Meaning of “well” in the English Dictionary

"well" in British English

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uk /wel/ us /wel/ better, best

well adverb (IN A GOOD WAY)

A1 in a good way, to a high or satisfactory standard:

The documentary presented both sides of the problem very well.
The concert was advertised well enough but ticket sales were poor.
a well-cut suit
a well-paid job
Her points were well put (= expressed in a good or intelligent way).
His point about the need to reduce waste was well taken (= it was accepted as a good criticism).
They took two hours to discuss the plans and considered it time well spent (= it had been a useful discussion).
I can't do it as well as Marie can.

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well adverb (TO A GREAT DEGREE)

A2 very much, to a great degree, or completely:

Knead the dough well, then divide it into four pieces.
He could well imagine how much his promise was going to cost him.
I can't catch the bus - there are no buses after midnight, as you well know.
He plays the piano well enough (= to a satisfactory standard).

C1 used to emphasize some prepositions:

The results are well above/below what we expected.
Keep well away from the edge of the cliff.
It cost well over £100.
Stand well clear of the doors!

B2 used to emphasize some adjectives:

The police are well aware of the situation.
The museum is well worth a visit.
Some machines look more like cheap, plastic toys - leave these well alone.

UK slang very:

The film was well good.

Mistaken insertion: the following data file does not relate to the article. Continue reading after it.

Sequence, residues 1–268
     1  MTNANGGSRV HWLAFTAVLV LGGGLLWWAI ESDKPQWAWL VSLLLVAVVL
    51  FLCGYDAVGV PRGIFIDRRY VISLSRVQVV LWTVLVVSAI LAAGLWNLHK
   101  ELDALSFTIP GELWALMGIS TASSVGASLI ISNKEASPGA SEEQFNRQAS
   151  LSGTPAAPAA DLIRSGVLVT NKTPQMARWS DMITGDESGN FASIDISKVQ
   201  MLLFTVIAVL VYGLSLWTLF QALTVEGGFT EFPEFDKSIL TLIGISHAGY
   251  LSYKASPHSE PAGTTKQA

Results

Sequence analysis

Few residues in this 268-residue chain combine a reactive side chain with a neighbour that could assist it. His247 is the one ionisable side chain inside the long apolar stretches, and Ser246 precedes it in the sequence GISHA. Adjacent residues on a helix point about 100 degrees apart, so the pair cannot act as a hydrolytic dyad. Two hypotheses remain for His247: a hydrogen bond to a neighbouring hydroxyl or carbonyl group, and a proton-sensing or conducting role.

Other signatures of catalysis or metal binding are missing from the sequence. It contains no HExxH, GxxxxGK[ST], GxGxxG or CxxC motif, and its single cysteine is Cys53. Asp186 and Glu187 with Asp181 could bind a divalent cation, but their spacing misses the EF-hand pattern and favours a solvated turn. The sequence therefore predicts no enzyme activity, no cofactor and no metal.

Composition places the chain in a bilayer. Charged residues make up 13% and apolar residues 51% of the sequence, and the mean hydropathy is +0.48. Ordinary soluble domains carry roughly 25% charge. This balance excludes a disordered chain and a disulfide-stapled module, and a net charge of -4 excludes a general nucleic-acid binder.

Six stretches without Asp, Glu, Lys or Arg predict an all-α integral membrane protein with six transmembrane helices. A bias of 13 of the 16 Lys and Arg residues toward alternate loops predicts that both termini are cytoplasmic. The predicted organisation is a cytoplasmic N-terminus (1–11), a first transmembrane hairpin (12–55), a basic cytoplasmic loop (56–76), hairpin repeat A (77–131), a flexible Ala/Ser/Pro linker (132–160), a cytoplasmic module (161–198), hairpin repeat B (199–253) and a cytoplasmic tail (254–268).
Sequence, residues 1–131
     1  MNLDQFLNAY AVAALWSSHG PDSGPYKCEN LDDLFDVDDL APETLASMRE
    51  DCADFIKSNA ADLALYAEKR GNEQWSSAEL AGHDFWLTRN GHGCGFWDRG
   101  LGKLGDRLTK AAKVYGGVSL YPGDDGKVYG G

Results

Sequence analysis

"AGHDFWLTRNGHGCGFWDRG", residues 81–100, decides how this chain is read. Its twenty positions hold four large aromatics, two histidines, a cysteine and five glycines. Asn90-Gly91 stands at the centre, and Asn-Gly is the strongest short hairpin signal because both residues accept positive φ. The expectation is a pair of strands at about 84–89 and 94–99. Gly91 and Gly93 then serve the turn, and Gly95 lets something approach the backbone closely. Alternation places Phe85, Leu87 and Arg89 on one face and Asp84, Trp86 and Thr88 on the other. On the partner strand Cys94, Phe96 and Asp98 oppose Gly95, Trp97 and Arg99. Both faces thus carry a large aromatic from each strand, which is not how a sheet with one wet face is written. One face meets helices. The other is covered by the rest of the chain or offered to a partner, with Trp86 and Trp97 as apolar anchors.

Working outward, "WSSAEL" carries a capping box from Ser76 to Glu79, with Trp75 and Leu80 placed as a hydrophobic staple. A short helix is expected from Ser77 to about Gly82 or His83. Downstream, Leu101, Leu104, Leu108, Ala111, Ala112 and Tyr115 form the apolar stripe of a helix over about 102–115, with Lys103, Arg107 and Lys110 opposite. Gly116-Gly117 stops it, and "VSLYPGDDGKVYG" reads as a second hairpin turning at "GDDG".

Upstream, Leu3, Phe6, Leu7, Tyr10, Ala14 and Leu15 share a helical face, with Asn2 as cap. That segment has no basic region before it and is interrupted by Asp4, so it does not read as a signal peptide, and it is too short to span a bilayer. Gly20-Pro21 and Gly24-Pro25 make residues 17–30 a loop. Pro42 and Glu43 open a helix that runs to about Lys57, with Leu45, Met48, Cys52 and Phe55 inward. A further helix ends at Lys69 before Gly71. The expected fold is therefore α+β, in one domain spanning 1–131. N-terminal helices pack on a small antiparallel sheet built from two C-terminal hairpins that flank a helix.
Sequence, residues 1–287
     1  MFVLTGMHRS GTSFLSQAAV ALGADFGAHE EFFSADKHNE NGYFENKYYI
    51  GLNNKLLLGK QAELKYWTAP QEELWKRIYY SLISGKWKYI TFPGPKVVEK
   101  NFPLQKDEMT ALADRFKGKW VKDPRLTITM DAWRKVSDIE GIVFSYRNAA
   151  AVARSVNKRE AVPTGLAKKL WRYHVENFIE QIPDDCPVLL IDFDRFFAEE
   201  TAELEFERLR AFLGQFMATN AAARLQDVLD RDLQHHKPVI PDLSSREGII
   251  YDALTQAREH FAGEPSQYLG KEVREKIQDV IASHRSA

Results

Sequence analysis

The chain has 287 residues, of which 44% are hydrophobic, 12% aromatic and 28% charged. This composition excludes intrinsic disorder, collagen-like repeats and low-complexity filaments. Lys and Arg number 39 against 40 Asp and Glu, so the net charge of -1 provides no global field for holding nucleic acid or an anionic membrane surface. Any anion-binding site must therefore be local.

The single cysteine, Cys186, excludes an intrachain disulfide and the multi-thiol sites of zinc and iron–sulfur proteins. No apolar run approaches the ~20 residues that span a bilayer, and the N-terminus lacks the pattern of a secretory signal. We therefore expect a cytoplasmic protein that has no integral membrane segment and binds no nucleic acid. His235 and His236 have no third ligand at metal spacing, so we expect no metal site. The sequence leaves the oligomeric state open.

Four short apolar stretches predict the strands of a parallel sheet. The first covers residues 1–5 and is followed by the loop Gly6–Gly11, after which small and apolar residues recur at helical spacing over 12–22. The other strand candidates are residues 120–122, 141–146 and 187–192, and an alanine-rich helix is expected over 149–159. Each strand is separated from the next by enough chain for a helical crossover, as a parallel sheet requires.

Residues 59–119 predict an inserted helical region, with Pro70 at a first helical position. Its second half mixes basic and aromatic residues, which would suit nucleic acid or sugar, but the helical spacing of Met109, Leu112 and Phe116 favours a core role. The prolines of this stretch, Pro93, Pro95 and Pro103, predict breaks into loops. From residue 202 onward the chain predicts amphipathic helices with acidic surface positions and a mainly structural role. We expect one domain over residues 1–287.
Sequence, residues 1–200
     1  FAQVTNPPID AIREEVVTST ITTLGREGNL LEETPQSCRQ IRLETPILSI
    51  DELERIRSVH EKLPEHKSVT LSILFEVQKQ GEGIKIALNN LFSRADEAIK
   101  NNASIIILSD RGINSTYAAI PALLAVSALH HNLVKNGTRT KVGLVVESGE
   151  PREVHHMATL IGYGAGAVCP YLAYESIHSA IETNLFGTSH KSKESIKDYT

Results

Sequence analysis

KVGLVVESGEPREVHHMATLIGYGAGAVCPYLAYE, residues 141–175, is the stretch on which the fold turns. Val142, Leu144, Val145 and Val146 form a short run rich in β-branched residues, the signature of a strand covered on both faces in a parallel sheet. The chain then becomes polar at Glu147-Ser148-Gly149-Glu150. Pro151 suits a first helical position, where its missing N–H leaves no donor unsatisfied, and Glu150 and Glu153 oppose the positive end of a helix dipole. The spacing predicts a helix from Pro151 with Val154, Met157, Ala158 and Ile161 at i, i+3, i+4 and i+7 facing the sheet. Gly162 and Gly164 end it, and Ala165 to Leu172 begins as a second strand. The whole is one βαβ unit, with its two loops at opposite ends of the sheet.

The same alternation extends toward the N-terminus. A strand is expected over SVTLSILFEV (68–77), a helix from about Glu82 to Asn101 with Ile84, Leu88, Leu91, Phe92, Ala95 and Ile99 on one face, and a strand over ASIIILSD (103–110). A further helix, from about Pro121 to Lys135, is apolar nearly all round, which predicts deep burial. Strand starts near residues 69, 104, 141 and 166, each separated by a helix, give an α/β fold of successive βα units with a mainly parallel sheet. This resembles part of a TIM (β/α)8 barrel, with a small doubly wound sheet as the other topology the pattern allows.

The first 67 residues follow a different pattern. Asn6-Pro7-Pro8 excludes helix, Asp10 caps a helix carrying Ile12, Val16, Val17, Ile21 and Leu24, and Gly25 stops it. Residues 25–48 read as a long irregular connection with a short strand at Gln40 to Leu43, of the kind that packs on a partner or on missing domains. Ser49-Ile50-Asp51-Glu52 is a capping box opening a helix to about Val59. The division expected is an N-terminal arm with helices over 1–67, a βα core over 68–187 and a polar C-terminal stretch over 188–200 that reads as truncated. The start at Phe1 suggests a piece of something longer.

Watch out for those two - they're well hard (= strong and willing to use violence).

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well adverb (REASONABLY)

B2 with good reason:

She might well be the best person to ask.
I can't very well (= it would not be acceptable to) refuse their generous offer.

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well adverb (IN ADDITION)

as well (as)

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A1 in addition (to):

Invite Emily - and Scott as well.
I want to visit Andrew as well as Martin.


welladjective [ usually after verb ]

uk /wel/ us /wel/ better, best


uk /wel/ us /wel/

A1 used to introduce something you are going to say, often to show surprise, doubt, slight disagreement, or anger, or to continue a story:

Well, what shall we do now?
Well now/then, how are we going to arrange things?
"Who was that?" "Well, I can't remember her name."
"He's decided to give up his job and move to Seattle with her." "Well, well - that's what love does for you."
Well, really, that was thoughtless of him!
Well? What did you do next?
Well, after that we went camping in the mountains.
Well/Oh well, it doesn't matter - I can always buy another one.
Very well, if you insist I'll meet him next week.

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  • Well now, what are we doing about that?
  • Oh well, never mind.
  • Well, well. Who'd have thought things would turn out like this.
  • Well? How did your exam go?
  • Well really! How rude!

wellnoun [ C ]

uk /wel/ us /wel/

a deep hole in the ground from which you can get water, oil, or gas

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wellverb [ I usually + adv/prep ]

uk /wel/ us /wel/